Elvis D Silva reviews Despicable Me.
Gru (Steve Carell) has had two dreams since he was a little boy -- to go to the Moon; and to make his mother (Julie Andrews) proud of him.
He attempts the latter by trying to become the most feared super villain in the world and to achieve Number One Super Villain status, he draws on his other childhood dream, the Moon. His big plan to steal it. So when a new villain named Vector (Jason Segel) comes along and makes it nearly impossible for bald, beak-nosed Gru to achieve his goals he has to think differently. What he does, and how he does it, is the story of Despicable Me.
This is a film where the positives extend across the length and breadth of the movie. The characters are well etched, the animation is top notch, the laughs are frequent and the soundtrack is noteworthy too (look for the excellent title track by rapper/producer Pharrell Williams).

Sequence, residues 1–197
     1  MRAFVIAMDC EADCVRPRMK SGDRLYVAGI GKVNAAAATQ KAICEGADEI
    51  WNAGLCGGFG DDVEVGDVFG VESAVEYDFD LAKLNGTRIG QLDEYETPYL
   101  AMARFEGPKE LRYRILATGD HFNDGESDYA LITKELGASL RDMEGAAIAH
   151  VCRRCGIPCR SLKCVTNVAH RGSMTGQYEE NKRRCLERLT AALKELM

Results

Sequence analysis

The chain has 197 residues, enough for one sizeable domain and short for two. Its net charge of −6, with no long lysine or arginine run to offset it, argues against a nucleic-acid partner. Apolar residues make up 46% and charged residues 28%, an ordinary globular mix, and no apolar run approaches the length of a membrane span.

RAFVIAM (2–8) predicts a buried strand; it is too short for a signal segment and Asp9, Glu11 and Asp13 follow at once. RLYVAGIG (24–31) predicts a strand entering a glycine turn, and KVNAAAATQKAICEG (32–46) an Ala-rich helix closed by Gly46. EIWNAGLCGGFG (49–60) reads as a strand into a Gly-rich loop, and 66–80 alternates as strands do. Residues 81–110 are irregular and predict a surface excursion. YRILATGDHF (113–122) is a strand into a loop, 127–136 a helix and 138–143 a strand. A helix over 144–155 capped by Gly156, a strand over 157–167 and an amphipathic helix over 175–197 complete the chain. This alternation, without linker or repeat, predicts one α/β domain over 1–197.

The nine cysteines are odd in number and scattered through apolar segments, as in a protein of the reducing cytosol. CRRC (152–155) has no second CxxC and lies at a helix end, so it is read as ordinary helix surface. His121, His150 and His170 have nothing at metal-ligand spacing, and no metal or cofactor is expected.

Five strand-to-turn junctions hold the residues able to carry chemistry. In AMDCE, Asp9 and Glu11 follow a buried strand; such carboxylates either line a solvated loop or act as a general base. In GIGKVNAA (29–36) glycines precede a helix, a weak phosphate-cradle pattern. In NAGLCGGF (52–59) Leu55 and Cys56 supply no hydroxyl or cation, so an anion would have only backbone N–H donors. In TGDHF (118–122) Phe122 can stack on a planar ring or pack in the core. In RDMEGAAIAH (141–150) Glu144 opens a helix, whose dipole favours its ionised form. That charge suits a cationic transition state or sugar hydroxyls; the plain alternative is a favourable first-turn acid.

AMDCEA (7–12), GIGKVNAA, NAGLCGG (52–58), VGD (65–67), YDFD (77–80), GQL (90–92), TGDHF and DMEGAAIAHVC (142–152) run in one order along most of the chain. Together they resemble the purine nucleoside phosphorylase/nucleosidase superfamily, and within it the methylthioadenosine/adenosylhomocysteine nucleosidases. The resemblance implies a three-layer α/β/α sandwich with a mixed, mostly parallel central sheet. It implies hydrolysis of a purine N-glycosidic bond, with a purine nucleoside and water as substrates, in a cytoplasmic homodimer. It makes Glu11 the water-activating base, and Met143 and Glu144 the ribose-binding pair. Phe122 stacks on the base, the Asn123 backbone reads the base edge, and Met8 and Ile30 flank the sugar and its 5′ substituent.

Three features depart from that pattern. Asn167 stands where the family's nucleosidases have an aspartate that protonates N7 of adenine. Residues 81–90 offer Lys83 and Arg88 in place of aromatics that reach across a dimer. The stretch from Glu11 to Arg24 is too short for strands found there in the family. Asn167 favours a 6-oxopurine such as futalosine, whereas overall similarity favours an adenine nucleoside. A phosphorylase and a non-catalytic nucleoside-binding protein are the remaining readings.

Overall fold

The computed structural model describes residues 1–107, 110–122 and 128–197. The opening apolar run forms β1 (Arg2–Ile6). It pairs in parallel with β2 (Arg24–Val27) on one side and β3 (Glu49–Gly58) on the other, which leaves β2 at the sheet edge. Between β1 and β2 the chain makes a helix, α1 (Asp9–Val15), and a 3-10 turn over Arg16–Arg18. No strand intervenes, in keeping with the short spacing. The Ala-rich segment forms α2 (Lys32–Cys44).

The real fun begins when three little girls -- Margo (Miranda Cosgrove), Edith (Dana Gaier) and Agnes (Elsie Fisher) come into Gru's life. Although we've watched big meanies in other movies have their hearts changed by little children, and you know the same is inevitable for Gru, the journey is so much fun it hardly matters that you've seen this kind of transformation before.
Each of the little girls has her own character, which comes through very clearly in the storytelling and when the film ends, everybody is likely to have a favourite girl from the trio. Mine was Edith.
This movie proves, yet again, that 3D is best employed in animated features. The first-person views of the trip down a rollercoaster will actually induce a racing heartbeat and make you feel like you are on some crazy ride. The revelation of the mischief Gru's cute but nutty minions can get up to along the depth of the frame is also amusing to experience.
Animation has been a tricky realm. Whereas the wizards at Pixar consistently deliver movies that are the right balance of storytelling heart and visual pizzazz, other studios have had hit-and-miss records, mostly in the story department. With the passage of time Despicable Me is certain to find its place amongst the classics.
Despicable Me's strength is good old fashioned storytelling -- excellent characters, attention to detail and a journey that is just pure fun. This is a movie that will play well to everyone from six to sixty (and beyond).